French Environment Minister Delphine Batho
Writing in France’s prestigious centre-left daily newspaper Le Monde, Peter Altmaier, the German environment minister, and Delphine Batho, his French counterpart, underlined the need for a 2030 renewable energy target and highlighed the importance of renewables in transforming the European economy, improving energy security and reducing greenhouse gas emissions.
“We want to make the energy transition [moving to produce a significant amount of electricity from renewables] the new motor of the Franco-German couple,” stated the letter. It noted that the two countries recently decided to create a joint renewable energy office that will focus on promoting cooperation between companies, and on encouraging political and scientific collaboration on renewables.
France is aiming to reduce the share of nuclear in its electricity production from 75% to 50% by 2025, to increase the country’s energy efficiency by around 20%, and by 2020 to produce around 23% of electricity from renewables, according to Ms Batho. Germany, meanwhile, wants by 2022 to no longer produce any energy from nuclear power and by 2030 to produce at least 50% of its electricity from renewables. continue reading »
An image from the Wake-up Call app
The global temperature is rising. Freak weather events are multiplying. Climate change is happening.
And yet governments are giving $6 to polluting fossil fuels for every $1 dollar that goes to clean renewables.
World leaders must move now to renewable, clean energy sources like wind energy. And with the new Global Wind Day app you can tell them to do it and why.
On 17 and 18 June, leaders of the governments of the world’s eight wealthiest countries are meeting in the UK. The leaders of these countries, such as Barack Obama, Vladimir Putin, Angela Merkel and François Hollande, are ultimately responsible for the continuing and growing support for dirty fossil fuels given by their governments. Such subsidies are up nearly 30% from 2010 to $523bn in 2011 (IEA, 2012) compared to $88bn for renewables.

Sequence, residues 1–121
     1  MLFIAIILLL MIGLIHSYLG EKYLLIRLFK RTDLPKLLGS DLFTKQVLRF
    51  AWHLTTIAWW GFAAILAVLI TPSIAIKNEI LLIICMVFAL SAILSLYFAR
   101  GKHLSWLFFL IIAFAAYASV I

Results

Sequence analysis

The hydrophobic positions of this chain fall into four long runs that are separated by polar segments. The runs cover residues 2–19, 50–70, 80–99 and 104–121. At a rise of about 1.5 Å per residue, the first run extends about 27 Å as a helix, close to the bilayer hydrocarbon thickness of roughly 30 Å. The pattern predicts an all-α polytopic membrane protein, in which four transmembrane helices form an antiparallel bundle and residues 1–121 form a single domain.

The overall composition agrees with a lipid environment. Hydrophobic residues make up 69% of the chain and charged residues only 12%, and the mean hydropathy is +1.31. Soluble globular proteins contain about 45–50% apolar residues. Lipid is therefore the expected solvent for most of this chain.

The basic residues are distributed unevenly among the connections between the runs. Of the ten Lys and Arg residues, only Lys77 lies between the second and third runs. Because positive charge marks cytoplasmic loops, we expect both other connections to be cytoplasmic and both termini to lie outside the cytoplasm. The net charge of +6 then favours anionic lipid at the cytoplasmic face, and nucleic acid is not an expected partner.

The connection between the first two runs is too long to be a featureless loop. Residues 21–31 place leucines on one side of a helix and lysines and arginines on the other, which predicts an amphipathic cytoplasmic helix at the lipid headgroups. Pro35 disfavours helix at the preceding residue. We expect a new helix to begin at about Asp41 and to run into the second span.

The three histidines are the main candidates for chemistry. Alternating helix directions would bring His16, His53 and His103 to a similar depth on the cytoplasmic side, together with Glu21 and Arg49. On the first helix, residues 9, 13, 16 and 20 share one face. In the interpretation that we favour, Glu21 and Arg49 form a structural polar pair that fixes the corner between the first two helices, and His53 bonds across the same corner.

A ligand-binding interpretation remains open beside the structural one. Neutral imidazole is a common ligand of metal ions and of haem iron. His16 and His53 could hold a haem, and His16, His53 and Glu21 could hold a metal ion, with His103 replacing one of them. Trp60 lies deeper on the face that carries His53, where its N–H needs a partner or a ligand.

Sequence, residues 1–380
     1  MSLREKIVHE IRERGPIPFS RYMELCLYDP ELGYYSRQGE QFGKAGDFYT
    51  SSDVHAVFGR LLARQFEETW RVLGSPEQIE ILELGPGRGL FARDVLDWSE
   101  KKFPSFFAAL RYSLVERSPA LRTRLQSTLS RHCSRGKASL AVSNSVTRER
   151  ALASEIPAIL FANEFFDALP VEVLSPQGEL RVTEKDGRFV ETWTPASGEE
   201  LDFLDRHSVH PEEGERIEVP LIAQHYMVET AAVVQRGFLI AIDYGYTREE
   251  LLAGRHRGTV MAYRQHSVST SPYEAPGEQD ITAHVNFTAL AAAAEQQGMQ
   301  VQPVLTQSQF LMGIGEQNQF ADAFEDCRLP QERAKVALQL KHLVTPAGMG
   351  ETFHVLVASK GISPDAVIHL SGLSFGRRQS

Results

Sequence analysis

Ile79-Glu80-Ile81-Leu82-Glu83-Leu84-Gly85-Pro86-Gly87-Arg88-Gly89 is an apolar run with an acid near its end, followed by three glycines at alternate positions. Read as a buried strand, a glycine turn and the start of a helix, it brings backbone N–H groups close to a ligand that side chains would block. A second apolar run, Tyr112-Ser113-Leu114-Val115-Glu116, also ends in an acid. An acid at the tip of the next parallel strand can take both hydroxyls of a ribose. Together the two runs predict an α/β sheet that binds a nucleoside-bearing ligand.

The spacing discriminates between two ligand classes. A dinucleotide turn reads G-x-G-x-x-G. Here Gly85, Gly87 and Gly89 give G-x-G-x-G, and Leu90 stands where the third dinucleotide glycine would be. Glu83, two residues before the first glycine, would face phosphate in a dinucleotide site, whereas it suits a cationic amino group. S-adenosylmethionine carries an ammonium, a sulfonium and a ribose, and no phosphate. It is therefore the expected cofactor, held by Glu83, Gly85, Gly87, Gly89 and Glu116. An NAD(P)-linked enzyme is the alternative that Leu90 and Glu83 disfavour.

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Ambassador Tom Hanney
Irish Ambassador to the European Union Tom Hanney is in the throes of a six month stint at the heart of decision making in Brussels, as Ireland currently holds the EU Presidency. The Deputy Permanent Representative says holding the Presidency is “a marathon, from January to June”. We met him to find out about Irish commitments to wind energy and why they have given so much support to Global Wind Day this year.
What motivated the Irish Presidency of the EU to support Global Wind Day 2013?
From a national point of view, wind energy is very important to Ireland. In the Irish government’s Renewable Energy Strategy, wind is identified as a key resource.
We have a lot of wind sweeping over the country given our geographical location. An increasing amount of our energy is produced from wind. We are committed to reaching our renewable energy targets under EU energy policy and we will be a net wind exporter. Overall, wind is a very important resource for Ireland and an increasing one, so therefore we support Global Wind Day.
Ireland is not on track for EU emissions targets and the reductions, but is well on track for our 20:20:20 commitment – that 20% of your energy has to be produced from renewable energy sources by 2020. We are at around 18% at the moment.
Do you think the EU needs 2030 renewable energy targets, similar to the 2020 targets?
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A new opinion poll conducted in Austria has found that 77% of Austrians are in favour of wind energy compared to just 4% in favour of fossil fuels and 1% for nuclear power.
The poll, published on 8 May by the Austrian Wind Energy Association, IG Windkraft, also found that Austrian’s are prepared to pay €25 per year for wind energy – five times the level they currently pay.
“Austrians want an energy transition and wish for the expansion of wind power,” said Stefan Moidl, Managing Director of IG Windkraft. continue reading »
The reason fossil fuel firms are not trying to reduce their carbon emissions could be due to uncertainty on climate and energy policy, suggests the Economist in a recent editorial.
The paper cites cuts in renewable energy support schemes as one of the elements influencing investors. “Companies are betting that government climate policies will fail.”
This is exactly what EWEA has been warning for many months:
“The financial and economic crisis has provoked a wave of uncertainty across the European Union since 2010, with national governments making damaging retroactive changes to policies and regulations for wind energy.”
The Economist added that in mid-April the European Parliament voted against attempts to shore up Europe’s emissions trading system, the world’s largest carbon market, against collapse.
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